Venezuelans mourn
Venezuelans mourn the death of President Hugo Chavez in Caracas Tuesday, March 5, 2013. Reuters

Immediate world reaction to the death of Venezuelan President Hugo Chavez has been sorrowful, including from one congressman in the U.S., a country often at the receiving end of Chavez's famous barbs, who praised the late head of state. But adversaries of the controversial leader have yet to weigh in.

President Barack Obama said the United States is interested in starting a new relationship with Venezuela.

"At this challenging time of President Hugo Chavez's passing, the United States reaffirms its support for the Venezuelan people and its interest in developing a constructive relationship with the Venezuelan government," the president said in a statement.

"As Venezuela begins a new chapter in its history, the United States remains committed to policies that promote democratic principles, the rule of law, and respect for human rights."

U.N. Secretary-General Ban Ki-Moon said he was “conveying condolence” to Chavez’s “family and the people of Venezuela."

Not surprisingly, Venezuelan ally Russia was mourning the death of Chavez. Moscow's ambassador to the U.N., Vitaly Churkin, said in a statement that the president’s death was a “tragedy." “He was a great politician for his country and for the world as a whole," Churkin said.

U.S. Rep. Jose Serrano, D-N.Y., is taking heat on Twitter after he expressed his condolences for Chavez, who died following a two-year battle with cancer.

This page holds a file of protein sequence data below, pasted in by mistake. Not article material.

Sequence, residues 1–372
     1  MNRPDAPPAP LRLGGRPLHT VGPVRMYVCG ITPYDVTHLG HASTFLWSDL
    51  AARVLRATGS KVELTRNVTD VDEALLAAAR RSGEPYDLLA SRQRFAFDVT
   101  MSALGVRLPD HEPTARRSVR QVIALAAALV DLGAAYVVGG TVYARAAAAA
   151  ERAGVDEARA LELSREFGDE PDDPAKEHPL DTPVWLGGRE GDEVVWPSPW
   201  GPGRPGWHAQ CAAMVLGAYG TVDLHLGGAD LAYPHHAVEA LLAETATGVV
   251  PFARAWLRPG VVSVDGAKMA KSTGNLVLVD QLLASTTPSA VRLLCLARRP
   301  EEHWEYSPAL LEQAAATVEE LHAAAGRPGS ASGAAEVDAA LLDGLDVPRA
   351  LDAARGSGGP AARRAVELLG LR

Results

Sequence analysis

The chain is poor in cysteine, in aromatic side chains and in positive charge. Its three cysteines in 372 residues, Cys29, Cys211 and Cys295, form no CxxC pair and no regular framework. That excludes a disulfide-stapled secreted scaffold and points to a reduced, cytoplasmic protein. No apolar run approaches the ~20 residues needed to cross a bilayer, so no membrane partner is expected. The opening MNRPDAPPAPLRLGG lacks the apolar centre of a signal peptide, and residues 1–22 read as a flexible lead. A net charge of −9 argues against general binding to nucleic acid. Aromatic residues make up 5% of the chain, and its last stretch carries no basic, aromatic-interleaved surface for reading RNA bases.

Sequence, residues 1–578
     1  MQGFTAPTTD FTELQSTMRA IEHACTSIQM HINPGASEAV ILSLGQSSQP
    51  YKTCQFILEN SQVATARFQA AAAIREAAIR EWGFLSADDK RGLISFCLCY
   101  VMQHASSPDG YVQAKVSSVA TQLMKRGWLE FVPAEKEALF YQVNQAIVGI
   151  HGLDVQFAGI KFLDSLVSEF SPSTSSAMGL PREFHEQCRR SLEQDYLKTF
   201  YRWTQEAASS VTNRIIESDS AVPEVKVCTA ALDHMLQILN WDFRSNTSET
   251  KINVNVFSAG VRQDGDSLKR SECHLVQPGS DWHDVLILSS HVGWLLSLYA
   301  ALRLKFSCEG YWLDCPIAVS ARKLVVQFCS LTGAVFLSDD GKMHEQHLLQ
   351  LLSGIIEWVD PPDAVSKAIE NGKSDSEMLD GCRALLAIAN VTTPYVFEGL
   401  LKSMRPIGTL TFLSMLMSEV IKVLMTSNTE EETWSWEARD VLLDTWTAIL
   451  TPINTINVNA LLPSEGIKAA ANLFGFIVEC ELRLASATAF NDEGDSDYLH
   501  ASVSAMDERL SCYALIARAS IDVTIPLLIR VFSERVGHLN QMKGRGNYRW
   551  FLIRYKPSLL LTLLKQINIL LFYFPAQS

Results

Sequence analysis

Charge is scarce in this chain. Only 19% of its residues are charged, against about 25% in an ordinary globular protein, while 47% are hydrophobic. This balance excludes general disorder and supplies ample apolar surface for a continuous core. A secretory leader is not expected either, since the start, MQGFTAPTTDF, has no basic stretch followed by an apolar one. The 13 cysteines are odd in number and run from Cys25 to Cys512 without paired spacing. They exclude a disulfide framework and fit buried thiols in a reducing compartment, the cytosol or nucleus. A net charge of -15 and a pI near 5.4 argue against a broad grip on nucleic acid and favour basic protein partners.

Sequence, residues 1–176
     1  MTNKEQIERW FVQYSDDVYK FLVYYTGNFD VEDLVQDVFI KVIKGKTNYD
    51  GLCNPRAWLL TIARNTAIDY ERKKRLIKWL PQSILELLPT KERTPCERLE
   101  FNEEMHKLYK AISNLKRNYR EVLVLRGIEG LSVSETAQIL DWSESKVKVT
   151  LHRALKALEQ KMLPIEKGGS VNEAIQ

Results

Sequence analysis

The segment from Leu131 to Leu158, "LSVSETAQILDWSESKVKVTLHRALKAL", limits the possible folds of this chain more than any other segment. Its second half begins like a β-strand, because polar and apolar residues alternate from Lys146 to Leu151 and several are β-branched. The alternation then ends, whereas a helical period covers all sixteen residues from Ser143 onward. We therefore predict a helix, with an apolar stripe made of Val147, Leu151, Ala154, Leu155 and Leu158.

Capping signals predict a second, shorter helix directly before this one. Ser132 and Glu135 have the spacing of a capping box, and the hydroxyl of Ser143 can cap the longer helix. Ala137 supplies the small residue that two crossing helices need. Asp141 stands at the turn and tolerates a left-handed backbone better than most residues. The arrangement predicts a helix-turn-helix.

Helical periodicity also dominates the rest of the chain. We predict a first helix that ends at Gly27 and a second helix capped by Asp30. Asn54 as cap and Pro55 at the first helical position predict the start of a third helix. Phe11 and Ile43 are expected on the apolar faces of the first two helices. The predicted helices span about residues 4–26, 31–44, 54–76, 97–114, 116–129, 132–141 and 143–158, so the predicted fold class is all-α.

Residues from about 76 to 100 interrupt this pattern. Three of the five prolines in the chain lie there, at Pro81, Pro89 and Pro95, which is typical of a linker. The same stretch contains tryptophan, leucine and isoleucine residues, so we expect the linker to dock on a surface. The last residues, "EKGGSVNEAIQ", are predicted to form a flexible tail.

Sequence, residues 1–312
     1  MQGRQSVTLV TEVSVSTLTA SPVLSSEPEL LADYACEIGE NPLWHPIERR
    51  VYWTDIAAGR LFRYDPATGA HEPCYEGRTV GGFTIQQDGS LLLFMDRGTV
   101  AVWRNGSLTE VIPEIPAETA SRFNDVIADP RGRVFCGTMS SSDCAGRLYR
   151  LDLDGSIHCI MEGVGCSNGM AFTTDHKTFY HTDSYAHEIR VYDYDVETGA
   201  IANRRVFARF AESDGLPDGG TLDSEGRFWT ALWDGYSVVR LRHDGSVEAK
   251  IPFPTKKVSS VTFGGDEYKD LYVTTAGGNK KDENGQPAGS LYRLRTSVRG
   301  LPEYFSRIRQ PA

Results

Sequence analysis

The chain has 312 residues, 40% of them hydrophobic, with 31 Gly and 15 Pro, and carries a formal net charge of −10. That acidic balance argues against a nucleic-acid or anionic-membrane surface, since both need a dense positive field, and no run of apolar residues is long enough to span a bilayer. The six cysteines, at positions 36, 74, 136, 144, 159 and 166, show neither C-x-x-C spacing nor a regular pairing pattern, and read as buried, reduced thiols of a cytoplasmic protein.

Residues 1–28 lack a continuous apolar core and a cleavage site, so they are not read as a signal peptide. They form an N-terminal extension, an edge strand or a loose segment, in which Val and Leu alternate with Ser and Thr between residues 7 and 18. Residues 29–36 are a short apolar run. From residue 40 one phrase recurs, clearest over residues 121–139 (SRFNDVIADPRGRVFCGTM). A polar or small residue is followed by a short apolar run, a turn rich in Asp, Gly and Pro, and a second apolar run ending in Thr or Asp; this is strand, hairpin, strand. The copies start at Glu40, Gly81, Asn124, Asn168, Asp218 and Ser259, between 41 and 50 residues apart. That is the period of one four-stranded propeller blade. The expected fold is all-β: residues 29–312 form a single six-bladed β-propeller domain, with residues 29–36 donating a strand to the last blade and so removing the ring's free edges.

“Hugo Chavez was a leader that understood the needs of the poor. He was committed to empowering the powerless. R.I.P. Mr. President,” tweeted Serrano, whose Bronx district is heavily Hispanic.

Serrano, who met Chavez in the Bronx, later expounded on his views saying he “mourned the death of President Hugo Chavez of Venezuela.”

“I met President Chavez in 2005 when he came to my district at my invitation,” Serrano said in a statement. “His focus on the issues faced by the poor and disenfranchised in his country made him a truly revolutionary leader in the history of Latin America. He understood that after 400 years on the outside of the established power structure looking in, it was time that the poor had a chance at seeing their problems and issues addressed. His core belief was in the dignity and common humanity of all people in Venezuela and in the world.

“President Chavez was a controversial leader,” he continued. “But at his core he was a man who came from very little and used his unique talents and gifts to try to lift up the people and the communities that reflected his impoverished roots. He believed that the government of the country should be used to empower the masses, not the few. He understood democracy and basic human desires for a dignified life. His legacy in his nation, and in the hemisphere, will be assured as the people he inspired continue to strive for a better life for the poor and downtrodden.”

While Chavez was widely reviled in the U.S., where many Americans view him as a dictator, he was revered by Venezuela’s poor.

Chavez was also loved throughout much of South America, including Argentina.

“My regards to the Venezuelan people and the family of Comandante Hugo Chavez,” tweeted Argentinian politician Alicia Kirchner, sister of late President Nestor Kirchner and sister-in-law of current President Cristina Fernandez de Kirchner.

Fernandez canceled a ceremony for the donation of $400 million worth of books to Argentina’s education system in the wake of Chavez’s death, according to her website.